Performer Jackie Wilford experiences paradise teaching flamenco in the Seychelles
This article, first published in the Winter 2010 edition of Animated, is reproduced by permission of Foundation for Community Dance. All Rights Reserved. See www.communitydance.org.uk/animated for more information.
Teaching children how to dance on a tropical island with a deep culture of music and rhythm isn’t the worst job in the world. Publicity for the Seychelles speaks about ‘Paradise, 1000 miles from anywhere,’ and it’s no lie. Think coral and granite islands in turquoise seas, palm trees and rainforests. Here there is no debilitating junk food, and entertainment is more about participation than consumption. What did young people in such an environment need from outsiders? It’s true that the guitarist Chris Mullett, my co-founder at Flamenco Express, and I have performed and taught all over Britain and Europe since 1996. But what could he and I teach these young people about rhythm that they didn’t already know? Shouldn’t they by rights be teaching us ? And, specifically, what did flamenco have to offer them anyway?
Nevertheless our job during three separate trips in 2006, 2007 and 2008 was to teach flamenco workshops at the International School Seychelles. The total number of students in each of our groups was about 20, ranging in age from 6 to 18. We also had to produce a televised performance at the end of each week-long visit. This wouldn’t be an easy task in the UK, let alone in a place where few of the children have ever seen flamenco and many speak only French or Creole. And the only shoes they wear are flip-flops or trainers. (Leather doesn’t last long in the rainforest.) But rhythm is a universal language, and Seychellois have a lively culture. Music and dance is an integral part of people’s lives. The music heard on the streets, in the markets and at parties is similar to Jamaican reggae, but based on the same rhythm as tanguillos, which is a flamenco compass (or, again, rhythm). Seychelles is a culture so steeped in rhythm that wherever there’s a
group of people someone will have a drum or sound system, and there will be dancing whether the music plays or not.
On the main island, Mahe, dancers and drummers arrive on the beach on Wednesday nights. The drumskins are tuned by the driftwood bonfires, and inside a pulsating circle the dancing goes on into the night. Dance has always been taught in all of the schools, and a country with a population of only 40,000 has a national dance academy. In addition the African, Asian and European cultural heritage has produced a range of local dance forms – in particular the moutia, sega, and contre-dance – which are still alive. Moutia is possibly the most widespread; it combines rhythm and song, as does flamenco.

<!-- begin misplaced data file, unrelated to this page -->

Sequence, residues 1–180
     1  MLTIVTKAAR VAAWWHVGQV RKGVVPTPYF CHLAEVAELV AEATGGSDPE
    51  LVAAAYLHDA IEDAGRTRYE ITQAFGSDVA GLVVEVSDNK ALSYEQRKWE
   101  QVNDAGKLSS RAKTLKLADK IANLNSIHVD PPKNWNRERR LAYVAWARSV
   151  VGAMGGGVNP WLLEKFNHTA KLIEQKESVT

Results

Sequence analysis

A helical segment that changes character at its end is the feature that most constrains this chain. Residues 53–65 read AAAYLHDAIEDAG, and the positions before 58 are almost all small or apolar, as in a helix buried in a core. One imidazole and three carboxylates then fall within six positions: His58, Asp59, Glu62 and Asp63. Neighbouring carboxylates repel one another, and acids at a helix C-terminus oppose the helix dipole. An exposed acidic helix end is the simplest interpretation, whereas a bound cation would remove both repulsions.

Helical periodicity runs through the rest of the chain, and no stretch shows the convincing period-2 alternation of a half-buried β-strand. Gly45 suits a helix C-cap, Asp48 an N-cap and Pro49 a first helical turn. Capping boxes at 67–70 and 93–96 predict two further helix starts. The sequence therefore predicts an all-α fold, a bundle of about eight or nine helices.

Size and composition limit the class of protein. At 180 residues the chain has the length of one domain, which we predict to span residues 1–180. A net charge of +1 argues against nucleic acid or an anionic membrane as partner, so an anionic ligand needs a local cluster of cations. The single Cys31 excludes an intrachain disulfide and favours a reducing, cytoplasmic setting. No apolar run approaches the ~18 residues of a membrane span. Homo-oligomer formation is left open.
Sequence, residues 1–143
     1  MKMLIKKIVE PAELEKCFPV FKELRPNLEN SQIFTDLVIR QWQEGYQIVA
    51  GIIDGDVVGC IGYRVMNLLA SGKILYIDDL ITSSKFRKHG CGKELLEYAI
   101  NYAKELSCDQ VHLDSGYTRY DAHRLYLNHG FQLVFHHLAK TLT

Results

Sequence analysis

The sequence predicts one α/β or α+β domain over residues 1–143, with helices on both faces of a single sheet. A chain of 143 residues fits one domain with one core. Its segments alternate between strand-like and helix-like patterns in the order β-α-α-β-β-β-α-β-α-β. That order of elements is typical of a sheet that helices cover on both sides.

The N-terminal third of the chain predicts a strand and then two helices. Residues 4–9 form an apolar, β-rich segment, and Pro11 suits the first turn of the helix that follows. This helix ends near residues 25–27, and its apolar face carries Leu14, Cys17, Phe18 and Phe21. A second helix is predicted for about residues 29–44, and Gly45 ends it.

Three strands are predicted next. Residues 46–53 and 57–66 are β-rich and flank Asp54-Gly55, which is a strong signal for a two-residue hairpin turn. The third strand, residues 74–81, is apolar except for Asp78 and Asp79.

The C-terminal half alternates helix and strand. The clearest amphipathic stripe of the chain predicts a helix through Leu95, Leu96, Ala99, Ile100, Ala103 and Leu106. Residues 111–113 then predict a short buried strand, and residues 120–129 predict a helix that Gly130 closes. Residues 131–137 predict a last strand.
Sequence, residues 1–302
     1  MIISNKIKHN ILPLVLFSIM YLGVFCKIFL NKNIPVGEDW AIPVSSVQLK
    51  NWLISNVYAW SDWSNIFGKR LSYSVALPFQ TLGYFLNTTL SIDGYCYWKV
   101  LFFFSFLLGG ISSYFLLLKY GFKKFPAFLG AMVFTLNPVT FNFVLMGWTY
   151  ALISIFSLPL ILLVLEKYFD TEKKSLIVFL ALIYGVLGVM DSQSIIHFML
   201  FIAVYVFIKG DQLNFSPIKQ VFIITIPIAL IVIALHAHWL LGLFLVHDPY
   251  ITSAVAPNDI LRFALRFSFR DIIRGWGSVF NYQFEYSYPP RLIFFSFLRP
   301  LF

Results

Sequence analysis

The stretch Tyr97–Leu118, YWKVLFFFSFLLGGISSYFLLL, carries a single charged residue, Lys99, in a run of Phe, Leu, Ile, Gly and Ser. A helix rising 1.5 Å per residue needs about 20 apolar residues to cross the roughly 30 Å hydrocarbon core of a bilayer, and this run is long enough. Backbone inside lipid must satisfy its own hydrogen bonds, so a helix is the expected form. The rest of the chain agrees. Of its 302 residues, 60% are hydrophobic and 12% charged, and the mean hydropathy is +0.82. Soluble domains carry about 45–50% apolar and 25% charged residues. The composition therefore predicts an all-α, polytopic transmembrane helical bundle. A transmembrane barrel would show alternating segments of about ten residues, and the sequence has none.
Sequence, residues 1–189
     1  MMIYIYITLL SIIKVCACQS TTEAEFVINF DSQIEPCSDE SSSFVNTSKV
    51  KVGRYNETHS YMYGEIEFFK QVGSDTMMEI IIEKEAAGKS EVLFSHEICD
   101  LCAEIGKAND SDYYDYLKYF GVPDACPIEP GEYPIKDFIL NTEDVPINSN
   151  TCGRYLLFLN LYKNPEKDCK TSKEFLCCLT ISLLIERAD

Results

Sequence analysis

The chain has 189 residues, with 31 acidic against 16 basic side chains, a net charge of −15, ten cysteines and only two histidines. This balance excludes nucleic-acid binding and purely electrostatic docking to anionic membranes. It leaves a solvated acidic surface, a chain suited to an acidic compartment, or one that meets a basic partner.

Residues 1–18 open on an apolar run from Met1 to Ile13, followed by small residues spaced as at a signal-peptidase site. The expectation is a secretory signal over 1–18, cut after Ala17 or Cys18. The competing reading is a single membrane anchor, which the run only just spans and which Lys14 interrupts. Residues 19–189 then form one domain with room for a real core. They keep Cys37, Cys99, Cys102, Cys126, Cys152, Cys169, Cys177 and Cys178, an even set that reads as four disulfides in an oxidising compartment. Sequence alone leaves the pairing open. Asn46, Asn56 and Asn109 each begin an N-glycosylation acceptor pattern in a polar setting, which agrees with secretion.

But I didn’t know any of this when we first arrived. If I had I would’ve been less apprehensive about teaching flamenco in the middle of the Indian Ocean. The fact that the classes were over-subscribed two weeks before we left London was not a help.
Our days started early, and by noon we’d already done two 90-minute workshops. The children were always enthusiastic and eager to learn. Because of a healthy diet they’re fit and slender, and their stamina and concentration is truly amazing.
Every year each group we worked with consisted of equal numbers of boys and girls, and each year studied different rhythms, or compas. They tackled tangos, farruca, fandangos, and guijarras, which are various flamenco rhythms, dances and songs. Using palmas (hand clapping), picas (finger clicking) and footwork they worked on complex co-ordinations and rhythmic patterns. Wearing whatever kind of heeled shoes they could get hold of, they devised their own choreography and chose their own steps. At the end of each week they always produced enough material for the half-hour performance. It was a real challenge for them, but they relished it and sweated to be as good as they could be. On the night itself they were pure magic, the boys in their brightest shirts and the girls with the roadside frangipani in their hair. They always made me cry.